In her book, Alexander writes, “Du Bois got it right a century ago: “the burden belongs to the nation, and the hands of none of us are clean if we bend not our energies to righting these great wrongs.” It is up to all of us, not just up to criminals and those living in ghettos or low income areas, to solve the crime problems our nation faces and to strengthen our communities. Those of us who do not act and do not take steps to make our world better are equally at fault as those who commit crimes and make our society more segregated and less equitable. Alexander continues, “The reality is that, just a few decades after the collapse of one caste system, we constructed another. Our nation declared a war on people trapped in racially segregated ghettos—just at the moment their economies had collapsed—rather than providing community investment, quality education, and job training when work disappeared.” Our choices created the ghettos and in response to the effects of concentrated power, we decided that incarceration was the best option to deal with the crime that resulted. Alexander looks at the history of segregation in our country and how that has impacted our development, our communities, and the policies put forth by those in power. Our reaction to minorities has historically been to shut them out and deny them of opportunity, and today, when people in communities that have been isolated and exiled result to crime, we find justification in our actions and arrests.

“Of course those communities are suffering from serious crime and dysfunction today. Did we expect otherwise? Did we think that, miraculously, they would thrive?” Alexander pushes us to reflect on ghettos and segregated areas of concentrated poverty. Rather than uniting our communities and putting forth greater resources to help people in ghettos, we have decided to arrest individuals, which diminishes future potential and career opportunities, feeding back into a vicious cycle of crime, poverty, and disfunction. Rather than try to build the areas in new and novel ways that put low income individuals next to more affluent families and people, we isolated the poor and the minorities so that they could be forgotten. It is expensive to provide community support to those who need it and to improve our ghettos, but it is certainly expensive to warehouse individuals in prisons and jails and to react to the crime committed by those who have lost future possibilities or live in disjointed households.

Views on Criminality in the United States

In The New Jim Crow Michelle Alexander explains the ways that we have turned the prison system and our treatment of criminals into a modern caste system. She looks at the way we approach criminality and is critical of the open prejudice shown toward those who have been arrested or convicted of crimes. Her book was eye opening to me because of the way she looked at crime, who commits crime, who is punished for crime, and who seems to be able to commit crime without worrying about punishment. She is able to demonstrate with study after study that our system unreasonably targets minority populations and has different outcomes that limit individual’s futures and shapes the lives and communities in which people live.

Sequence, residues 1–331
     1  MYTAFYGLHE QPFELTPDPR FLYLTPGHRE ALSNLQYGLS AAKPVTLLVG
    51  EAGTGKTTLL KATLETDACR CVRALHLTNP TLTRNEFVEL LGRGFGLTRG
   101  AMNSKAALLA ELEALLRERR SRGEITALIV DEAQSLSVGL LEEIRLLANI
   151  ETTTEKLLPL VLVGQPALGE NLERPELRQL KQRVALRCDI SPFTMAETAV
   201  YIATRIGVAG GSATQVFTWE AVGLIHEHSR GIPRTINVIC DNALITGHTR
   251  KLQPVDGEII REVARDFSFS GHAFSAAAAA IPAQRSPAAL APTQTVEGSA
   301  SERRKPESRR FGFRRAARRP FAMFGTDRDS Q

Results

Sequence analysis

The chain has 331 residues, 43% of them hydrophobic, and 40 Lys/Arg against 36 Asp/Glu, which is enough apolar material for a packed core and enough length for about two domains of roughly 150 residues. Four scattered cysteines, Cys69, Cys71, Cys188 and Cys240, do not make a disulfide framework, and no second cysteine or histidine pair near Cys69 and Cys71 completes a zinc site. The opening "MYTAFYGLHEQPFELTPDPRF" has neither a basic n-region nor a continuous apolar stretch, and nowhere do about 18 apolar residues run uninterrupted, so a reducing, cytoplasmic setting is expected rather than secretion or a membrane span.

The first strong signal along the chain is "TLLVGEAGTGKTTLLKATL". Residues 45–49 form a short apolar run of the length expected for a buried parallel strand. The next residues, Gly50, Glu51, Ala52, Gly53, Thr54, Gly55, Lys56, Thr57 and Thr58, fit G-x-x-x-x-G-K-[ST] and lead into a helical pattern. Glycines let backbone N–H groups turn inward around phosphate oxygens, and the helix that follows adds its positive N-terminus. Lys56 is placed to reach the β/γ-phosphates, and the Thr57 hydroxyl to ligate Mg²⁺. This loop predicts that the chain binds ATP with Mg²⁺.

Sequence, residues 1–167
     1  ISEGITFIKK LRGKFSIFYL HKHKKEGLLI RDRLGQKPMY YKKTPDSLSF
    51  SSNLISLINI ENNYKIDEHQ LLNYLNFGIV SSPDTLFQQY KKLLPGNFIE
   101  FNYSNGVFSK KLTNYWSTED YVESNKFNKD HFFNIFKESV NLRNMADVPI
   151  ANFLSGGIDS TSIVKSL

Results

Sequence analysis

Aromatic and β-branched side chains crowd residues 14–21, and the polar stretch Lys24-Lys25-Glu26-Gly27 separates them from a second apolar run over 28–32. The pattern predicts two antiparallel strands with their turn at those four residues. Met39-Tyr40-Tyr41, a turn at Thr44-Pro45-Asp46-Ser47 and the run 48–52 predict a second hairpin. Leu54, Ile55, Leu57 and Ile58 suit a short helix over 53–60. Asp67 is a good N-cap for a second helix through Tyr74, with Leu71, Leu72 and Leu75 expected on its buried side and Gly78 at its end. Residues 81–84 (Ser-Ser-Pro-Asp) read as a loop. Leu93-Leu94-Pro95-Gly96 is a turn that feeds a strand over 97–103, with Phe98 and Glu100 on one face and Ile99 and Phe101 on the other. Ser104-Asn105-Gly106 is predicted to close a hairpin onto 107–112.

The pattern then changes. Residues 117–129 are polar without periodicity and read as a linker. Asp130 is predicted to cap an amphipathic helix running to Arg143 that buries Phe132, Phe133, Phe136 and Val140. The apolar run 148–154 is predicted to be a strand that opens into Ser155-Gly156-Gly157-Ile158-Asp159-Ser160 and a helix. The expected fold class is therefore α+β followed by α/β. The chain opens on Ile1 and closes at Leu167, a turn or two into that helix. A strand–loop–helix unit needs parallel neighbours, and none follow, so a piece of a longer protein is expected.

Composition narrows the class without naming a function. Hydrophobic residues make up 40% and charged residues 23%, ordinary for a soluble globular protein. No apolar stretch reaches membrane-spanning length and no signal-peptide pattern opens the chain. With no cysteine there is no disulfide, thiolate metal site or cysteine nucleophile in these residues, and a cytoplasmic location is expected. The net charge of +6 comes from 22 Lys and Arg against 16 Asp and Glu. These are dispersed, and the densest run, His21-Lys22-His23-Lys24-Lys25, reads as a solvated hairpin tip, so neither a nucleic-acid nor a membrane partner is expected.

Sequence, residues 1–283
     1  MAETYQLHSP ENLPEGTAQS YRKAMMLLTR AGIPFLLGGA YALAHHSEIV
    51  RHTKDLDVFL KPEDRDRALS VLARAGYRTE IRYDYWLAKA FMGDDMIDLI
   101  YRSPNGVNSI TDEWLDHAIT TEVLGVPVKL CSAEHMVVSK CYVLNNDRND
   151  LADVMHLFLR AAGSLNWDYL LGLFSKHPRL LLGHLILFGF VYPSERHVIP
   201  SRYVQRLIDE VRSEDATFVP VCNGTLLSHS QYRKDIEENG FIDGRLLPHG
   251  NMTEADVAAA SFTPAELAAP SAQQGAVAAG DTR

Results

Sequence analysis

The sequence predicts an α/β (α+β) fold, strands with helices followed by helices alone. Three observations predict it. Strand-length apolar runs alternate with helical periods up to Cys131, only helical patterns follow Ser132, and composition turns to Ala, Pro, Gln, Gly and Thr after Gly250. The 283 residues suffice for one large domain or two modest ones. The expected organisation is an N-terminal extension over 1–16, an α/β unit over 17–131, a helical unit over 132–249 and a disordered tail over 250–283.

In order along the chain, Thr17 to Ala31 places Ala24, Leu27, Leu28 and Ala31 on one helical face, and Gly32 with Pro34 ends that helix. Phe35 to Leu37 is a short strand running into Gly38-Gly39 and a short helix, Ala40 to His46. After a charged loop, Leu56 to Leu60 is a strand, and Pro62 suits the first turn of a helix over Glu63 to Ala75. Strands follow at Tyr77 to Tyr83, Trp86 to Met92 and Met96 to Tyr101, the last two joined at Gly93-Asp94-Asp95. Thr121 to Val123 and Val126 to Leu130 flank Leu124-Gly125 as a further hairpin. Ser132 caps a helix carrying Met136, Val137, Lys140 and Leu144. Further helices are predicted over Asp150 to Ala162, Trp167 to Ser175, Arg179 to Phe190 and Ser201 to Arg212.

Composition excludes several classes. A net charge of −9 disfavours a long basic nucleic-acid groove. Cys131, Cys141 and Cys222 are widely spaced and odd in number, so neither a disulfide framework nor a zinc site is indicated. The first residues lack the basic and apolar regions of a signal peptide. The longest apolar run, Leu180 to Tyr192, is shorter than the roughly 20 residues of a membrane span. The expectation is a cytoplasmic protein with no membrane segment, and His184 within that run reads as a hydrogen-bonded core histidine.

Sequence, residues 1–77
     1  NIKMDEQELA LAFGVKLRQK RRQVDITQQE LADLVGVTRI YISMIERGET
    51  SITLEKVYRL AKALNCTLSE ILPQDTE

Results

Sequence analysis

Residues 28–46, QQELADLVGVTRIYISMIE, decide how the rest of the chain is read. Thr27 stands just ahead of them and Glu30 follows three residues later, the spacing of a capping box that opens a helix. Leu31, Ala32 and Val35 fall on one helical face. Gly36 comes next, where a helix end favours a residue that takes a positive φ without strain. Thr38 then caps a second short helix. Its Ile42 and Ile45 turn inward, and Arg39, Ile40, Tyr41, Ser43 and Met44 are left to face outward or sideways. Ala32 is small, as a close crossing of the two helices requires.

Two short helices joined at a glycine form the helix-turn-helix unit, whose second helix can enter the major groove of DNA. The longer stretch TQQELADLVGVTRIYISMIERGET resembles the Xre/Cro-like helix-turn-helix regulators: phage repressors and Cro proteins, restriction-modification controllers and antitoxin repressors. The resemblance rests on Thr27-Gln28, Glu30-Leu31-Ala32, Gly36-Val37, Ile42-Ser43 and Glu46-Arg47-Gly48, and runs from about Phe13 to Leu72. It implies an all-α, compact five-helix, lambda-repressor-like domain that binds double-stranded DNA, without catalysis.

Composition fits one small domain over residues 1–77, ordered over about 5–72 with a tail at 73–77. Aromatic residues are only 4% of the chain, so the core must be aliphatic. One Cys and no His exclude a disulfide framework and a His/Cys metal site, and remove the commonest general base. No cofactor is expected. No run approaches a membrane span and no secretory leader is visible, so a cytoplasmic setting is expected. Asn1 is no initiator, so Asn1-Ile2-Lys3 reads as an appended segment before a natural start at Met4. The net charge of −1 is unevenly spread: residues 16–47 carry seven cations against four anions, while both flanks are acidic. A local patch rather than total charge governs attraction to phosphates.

I was particularly struck by the similarity that exists between those who commit crimes and are punished and pushed out from society and those who never commit crimes and manage to move through life with success. Alexander challenges this idea writing, “The notion that a vast gulf exists between ‘criminals’ and those of us who have never served time in prison is a fiction created by the racial ideology that birthed mass incarceration, namely that there is something fundamentally wrong and morally inferior about ‘them’.” White, brown, and black criminals are somehow viewed as the other and as a problem that we, the morally sound part of society, must deal with. We cast these individuals out because they are somehow flawed and unable to participate in society at a fundamentally humane level. But this idea is not backed by real evidence of behavior, especially as we have been increasing our sentencing for low level drug crimes and over policing minority neighborhoods.

 

Alexander continues, “Most Americans violate drug laws in their life-time. Indeed most of us break the law not once but repeatedly throughout our lives. Yet only some of us will be arrested, charged, convicted of a crime, branded a criminal or felon, and ushered into a permanent under-caste.” We don’t seem to recognize how frequently the law is broken, particularly with drug laws, and how arbitrary our punishment and legal system can be. When we limit housing and limit employment opportunities to those who have been arrested, we limit the ability of people who were arrested to return to society and become a contributing member of society. We make up stories about those who were arrested so that we don’t have to confront the brutal fact that we arrest minority populations at far greater rates than we should, and our stories help us feel justified in our actions and morally superior to other people. Ensuring that everyone in society can advance and ensuring that we can have robust and supportive communities means that we must re-think our criminal justice system and re-think what it means to be a criminal.